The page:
That same year, both also received the Pasteur Award from the World Health Organization. In just ten years after the Praxis vaccine was brought to market the number of cases of bacterial meningitis plummeted in the United States from 20,000 in 1987 to 258 in 1997. As of 2013, there were 184 countries worldwide that use Hib vaccine routinely.
Following the #### of Praxis to the American Cyanamid company in 1989, Dr. Smith shifted his focus and joined the boards of other medically-related start-ups initiated by US academic researchers to aid them in negotiating the hurdles they would face in the marketplace. He was also recruited to serve on the Boards of Environmental Defense Fund, on which he served for ten years, and the Heinz Center for Science, Economics and the Environment.
In due time Dr. Smith became involved in conservation efforts on the island of Martha’s Vineyard, Massachusetts, helping to protect wild shoreline vistas and lands with biodiversity endangered by over-development. He played a major role in the Moshup’s Trail Initiative and was the driving force in the 1997 preservation of the Polly Hill Arboretum, a 60-acre horticultural landscape in North Tisbury, MA. Dr. Smith was the recipient of The Nature Conservancy’s 1997 Conservation Achievement Award and the Governor’s Award for Open Space Preservation in Massachusetts in 1998.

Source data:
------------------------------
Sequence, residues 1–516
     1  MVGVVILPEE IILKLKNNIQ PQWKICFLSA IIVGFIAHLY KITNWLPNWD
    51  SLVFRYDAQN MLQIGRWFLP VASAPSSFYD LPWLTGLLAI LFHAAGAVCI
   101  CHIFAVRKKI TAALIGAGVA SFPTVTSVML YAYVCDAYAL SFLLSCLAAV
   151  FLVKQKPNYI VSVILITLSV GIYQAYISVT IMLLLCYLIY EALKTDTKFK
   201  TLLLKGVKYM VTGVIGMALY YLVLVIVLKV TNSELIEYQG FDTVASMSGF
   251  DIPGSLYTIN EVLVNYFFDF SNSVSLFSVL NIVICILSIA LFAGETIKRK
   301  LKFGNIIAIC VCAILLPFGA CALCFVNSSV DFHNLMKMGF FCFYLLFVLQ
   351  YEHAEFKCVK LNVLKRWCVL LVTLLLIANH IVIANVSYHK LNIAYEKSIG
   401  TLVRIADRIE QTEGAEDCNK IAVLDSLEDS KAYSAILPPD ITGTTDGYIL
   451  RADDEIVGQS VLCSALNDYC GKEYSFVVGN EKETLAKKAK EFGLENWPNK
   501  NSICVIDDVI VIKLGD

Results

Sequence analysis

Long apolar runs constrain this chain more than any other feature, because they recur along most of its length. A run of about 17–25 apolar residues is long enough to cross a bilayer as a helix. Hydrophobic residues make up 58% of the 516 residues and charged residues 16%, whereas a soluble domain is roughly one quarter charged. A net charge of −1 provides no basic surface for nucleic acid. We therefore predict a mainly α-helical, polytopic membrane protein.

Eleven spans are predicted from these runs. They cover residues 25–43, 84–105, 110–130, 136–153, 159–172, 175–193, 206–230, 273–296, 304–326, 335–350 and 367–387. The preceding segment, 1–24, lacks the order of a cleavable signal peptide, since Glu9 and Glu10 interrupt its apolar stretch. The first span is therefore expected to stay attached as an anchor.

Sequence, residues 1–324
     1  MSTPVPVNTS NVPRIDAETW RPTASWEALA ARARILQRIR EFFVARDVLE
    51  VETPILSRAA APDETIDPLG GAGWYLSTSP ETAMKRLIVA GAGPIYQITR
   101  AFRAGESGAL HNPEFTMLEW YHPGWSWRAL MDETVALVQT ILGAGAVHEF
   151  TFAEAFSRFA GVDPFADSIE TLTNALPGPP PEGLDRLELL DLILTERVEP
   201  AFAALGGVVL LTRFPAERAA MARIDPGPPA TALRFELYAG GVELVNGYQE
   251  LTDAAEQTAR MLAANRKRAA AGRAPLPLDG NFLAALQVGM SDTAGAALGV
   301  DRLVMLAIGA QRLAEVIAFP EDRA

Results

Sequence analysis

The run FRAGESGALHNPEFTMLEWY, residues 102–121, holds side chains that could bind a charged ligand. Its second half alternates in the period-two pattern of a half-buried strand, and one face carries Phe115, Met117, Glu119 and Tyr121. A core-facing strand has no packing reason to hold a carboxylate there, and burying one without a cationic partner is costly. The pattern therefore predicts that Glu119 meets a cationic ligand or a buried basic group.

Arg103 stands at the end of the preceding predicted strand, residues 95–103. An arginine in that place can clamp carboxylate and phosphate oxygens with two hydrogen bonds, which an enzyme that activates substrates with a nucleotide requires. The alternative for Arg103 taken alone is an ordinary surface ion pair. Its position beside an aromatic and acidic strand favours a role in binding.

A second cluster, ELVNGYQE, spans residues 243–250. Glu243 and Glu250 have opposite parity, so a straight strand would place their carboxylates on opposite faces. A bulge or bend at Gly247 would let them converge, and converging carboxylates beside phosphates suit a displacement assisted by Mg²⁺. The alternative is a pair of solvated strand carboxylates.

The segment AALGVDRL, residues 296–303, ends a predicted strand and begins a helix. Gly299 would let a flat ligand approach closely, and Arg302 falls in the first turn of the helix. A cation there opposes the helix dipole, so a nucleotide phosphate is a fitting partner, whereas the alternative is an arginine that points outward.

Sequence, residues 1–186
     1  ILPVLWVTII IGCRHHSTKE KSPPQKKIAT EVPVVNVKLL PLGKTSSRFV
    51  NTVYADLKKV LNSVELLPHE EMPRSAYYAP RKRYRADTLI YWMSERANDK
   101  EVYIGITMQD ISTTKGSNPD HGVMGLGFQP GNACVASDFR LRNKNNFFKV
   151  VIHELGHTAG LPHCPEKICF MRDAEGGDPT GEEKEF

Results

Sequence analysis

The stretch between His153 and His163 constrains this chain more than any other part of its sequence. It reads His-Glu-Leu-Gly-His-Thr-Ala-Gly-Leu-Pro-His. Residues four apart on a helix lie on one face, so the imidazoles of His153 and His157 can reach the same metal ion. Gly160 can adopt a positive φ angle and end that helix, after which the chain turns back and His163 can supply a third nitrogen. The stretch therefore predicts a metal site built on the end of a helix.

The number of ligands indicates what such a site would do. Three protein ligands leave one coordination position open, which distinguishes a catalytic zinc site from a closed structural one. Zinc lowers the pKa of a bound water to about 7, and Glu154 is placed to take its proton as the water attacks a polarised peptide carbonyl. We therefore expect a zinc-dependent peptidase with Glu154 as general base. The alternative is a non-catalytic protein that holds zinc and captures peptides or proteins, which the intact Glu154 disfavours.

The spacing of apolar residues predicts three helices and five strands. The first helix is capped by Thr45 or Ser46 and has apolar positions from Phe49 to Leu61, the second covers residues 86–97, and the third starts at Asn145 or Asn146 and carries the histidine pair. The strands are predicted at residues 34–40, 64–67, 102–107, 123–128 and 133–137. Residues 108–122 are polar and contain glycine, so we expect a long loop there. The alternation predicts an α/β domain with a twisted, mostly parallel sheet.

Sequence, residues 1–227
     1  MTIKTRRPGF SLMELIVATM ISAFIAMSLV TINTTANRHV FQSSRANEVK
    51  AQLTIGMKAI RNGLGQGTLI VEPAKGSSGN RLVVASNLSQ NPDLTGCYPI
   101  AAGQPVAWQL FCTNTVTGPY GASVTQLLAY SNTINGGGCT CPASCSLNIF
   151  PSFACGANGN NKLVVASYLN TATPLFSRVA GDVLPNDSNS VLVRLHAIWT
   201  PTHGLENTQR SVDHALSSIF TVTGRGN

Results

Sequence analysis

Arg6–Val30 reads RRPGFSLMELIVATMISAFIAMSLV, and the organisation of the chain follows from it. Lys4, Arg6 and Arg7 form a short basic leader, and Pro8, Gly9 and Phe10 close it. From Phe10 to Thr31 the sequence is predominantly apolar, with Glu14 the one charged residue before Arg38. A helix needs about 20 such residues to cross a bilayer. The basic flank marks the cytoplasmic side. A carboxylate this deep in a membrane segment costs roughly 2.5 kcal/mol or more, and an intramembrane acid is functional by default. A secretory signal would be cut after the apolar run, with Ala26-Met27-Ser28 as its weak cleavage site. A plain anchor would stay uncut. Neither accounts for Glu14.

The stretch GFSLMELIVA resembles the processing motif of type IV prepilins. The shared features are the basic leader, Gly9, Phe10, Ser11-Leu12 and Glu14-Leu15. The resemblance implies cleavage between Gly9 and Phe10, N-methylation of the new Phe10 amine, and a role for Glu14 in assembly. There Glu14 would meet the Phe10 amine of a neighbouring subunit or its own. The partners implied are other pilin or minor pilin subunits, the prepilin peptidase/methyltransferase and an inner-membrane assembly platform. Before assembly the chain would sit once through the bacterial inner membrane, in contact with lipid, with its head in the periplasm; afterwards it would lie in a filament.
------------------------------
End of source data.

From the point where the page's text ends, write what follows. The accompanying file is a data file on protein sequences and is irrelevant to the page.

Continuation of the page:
In 1998, Dr. Smith, through the David H. Smith Foundation, partnered with The Nature Conservancy to establish the David H. Smith Conservation Research Fellowship program—known as “Smith Fellows”—devoted exclusively to supporting post-doctoral scientists in applied conservation research. This program is now administered by the Society for Conservation Biology.
David Smith was diagnosed in 1996 with melanoma and died in February, 1999. He was survived by his wife, three daughters, two step-daughters and eight grandchildren. His legacy continues from the generations who have been protected by the Hib vaccine to the land protections on the Vineyard and the great strides in conservation science made by Smith Fellows. In 2004, the David H. Smith Foundation was renamed the Cedar Tree Foundation and continues to employ the bold vision of its founder to make a positive impact on national environmental issues.